|Posted on November 21, 2019 at 8:00 AM|
The final meeting of the year today, was celebrated for being number 800.
Our speaker was Andy Lucker, who before retiring, headed up an undercover team at Heathrow Airport to police the area for 'bag snatchers', 'pickpockets', etc.
The presentation started with a BBC documentary film about this team and included some real 'live' arrests.
Andy then took questions from the members and also told a few more interesting tales.
A really interesting and enjoyable talk to end the year.
|Posted on November 7, 2019 at 8:00 AM|
Today we welcomed the ladies to join us for our meeting.
Abbie Edbrooke gave an enthusiastic talk on Clevedon Pier illustrated with slides, video and sound. She covered the history of the pier from how it came to be built to serve the steamer trade, with Brunel’s redundant broad gauge wrought iron rail section, to being described by poet Betjeman as “the most beautiful pier in England”.
There had been many technical and financial challenges involving false starts, bankruptcy, rework of the pier head to make docking less hazardous, storm damage and the collapse of a main span during safety testing.
This collapse could have been the end of the pier had it not been for the enthusiasm, drive and money raised by volunteers who formed the Preservation Trust.
Money is always needed for the maintenance of this historic structure.
This year is the 150th celebration year with many special events.
|Posted on October 17, 2019 at 8:00 AM|
Our Speaker today was one of our own members, Brian Fish.
Brian has given presentations to us before, using photographs and images on a range of topics.
Today was no exception, with sets including, East Brent Harvest Home, Weston Sand Sculptures and Flowers.
As always, the quality of the photographs were exceptional and Brian's commentary entertaining.
Thank you Brian.
|Posted on October 3, 2019 at 8:00 AM|
This meeting's speaker was Dr. Keith Hooper who spoke on the life of Charles Dickens.
Commended by his examiners, for his extensive knowledge of Dickens’s work, Keith Hooper was awarded a Doctorate from the University of Exeter in July 2009. Two years later, his first published article appeared in The Dickensian.
Dr. Keith injected humour & an understanding of the personality of one of our most famous authors.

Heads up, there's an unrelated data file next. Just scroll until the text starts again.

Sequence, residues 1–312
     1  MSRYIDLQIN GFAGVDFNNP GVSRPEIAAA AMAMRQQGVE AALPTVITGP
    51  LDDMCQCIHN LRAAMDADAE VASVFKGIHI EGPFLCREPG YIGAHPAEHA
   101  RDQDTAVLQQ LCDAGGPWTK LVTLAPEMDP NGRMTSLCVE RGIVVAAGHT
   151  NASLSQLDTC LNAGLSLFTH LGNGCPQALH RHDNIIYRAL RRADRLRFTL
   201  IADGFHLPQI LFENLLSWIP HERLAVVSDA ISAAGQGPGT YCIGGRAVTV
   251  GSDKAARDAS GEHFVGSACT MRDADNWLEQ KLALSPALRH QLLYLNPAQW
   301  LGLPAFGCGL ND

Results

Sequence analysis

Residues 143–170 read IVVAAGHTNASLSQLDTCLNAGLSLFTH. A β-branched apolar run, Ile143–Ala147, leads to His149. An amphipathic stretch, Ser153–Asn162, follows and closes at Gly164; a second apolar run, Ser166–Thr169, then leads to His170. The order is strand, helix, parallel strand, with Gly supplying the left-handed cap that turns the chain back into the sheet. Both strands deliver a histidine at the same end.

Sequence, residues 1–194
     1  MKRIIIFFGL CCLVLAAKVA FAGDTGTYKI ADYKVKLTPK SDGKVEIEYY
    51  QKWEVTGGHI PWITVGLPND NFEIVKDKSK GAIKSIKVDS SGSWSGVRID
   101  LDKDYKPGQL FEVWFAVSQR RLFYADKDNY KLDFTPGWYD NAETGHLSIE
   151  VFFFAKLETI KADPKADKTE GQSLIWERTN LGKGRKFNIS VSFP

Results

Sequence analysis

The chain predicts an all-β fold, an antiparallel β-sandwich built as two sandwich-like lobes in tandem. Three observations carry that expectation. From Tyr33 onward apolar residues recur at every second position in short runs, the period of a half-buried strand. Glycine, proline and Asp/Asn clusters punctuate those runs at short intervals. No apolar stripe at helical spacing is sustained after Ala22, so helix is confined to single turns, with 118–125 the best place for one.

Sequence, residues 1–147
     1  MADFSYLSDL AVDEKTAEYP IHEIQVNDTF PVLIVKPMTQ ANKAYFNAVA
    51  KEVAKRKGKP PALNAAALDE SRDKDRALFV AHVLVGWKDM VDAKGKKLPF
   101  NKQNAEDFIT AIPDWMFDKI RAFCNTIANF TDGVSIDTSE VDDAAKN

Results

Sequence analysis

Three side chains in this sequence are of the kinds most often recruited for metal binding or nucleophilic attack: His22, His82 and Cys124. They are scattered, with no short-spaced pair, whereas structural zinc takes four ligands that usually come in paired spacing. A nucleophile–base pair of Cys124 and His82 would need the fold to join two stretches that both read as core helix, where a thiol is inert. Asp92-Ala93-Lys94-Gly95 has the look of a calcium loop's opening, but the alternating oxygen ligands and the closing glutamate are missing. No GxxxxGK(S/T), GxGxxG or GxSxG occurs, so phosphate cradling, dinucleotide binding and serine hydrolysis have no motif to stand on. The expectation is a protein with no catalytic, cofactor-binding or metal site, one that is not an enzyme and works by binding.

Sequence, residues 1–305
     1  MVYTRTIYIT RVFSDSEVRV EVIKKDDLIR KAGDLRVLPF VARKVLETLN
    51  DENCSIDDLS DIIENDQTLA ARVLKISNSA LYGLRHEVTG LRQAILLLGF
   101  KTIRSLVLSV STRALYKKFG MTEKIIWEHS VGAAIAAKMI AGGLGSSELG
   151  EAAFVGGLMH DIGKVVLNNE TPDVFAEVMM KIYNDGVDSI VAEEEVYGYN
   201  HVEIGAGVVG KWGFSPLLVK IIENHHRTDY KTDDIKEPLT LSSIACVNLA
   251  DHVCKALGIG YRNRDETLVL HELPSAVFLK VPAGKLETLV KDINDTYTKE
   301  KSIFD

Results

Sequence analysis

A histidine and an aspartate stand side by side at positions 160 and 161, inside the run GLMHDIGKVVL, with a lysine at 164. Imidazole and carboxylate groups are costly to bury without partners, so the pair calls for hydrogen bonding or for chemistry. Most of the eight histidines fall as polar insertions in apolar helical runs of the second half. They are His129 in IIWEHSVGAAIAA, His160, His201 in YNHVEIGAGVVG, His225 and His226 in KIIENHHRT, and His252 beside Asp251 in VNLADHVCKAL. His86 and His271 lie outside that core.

For most of us, Dickens' novels are somewhat "dry" but Dr John through his insight & understanding of Dickens' underlying personality, was able to offer us an interesting critique of how Charles Dickens created the personalities in his books.
Dr. Keith outlined Dickens' upbringing in Portsmouth & the difficulties that ensured when his father was imprisoned for embezzling the Royal Navy.
Despite no formal education Dickens edited a journal for 20 years, wrote 15 novels as well as lecturing & campaigning for many aspects of social reform.
More information about Dr. Keith Hooper can be found:
|Posted on September 19, 2019 at 8:00 AM|
Rodney Cross was welcomed today who gave a great insight into the 'family' business.
In the Early Days of 1900s, a young Roland Cross, whilst still at school, was appointed Secretary and Treasurer of the Bath Model Aeroplane Club. On leaving school Roland secured an apprenticeship with the Arrol Johnson Motor Works in Dundee.
In the 1910s, Roland joined the British and Colonial Aeroplane Company in Bristol where he designed parts for the Bristol Fighter biplane. After the war he moved to Vickers Aeron to increase his engineering experience.
In the 1920s, the Cross Rotary Valve Engine was invented. Roland designed his innovative rotary valve engine which proved to be superior in power output and torque to the conventional poppet valve equivalent. The first Cross company was set up to develop the concept.
Immensely powerful and widely used Centaurus and Hercules sleeve valve engines suffered from excessive oil consumption. The Cross Sleeve Contracting Ring solved this problem and over 300,000 were eventually manufactured.
In the 1950s, the well-known Cross Wire Thread Insert range was produced in large quantities. Other new products included Spring Washers, Retaining Rings and Circlips.
Eventually, a second factory was opened in Devizes to separate Aerospace and Automotive industry products, as annual turbo ring production climbed to 60 million
Automotive industry activity became more important, beginning with the manufacture of piston rings for Formula One racing cars, followed by high temperature sealing rings for the new breed of turbocharged cars.
In the 1960s, sealing ring manufacturing included four-foot diameter aluminium rings designed for Concorde and seals that were critically important for the performance of the ground-breaking Harrier jump-jet.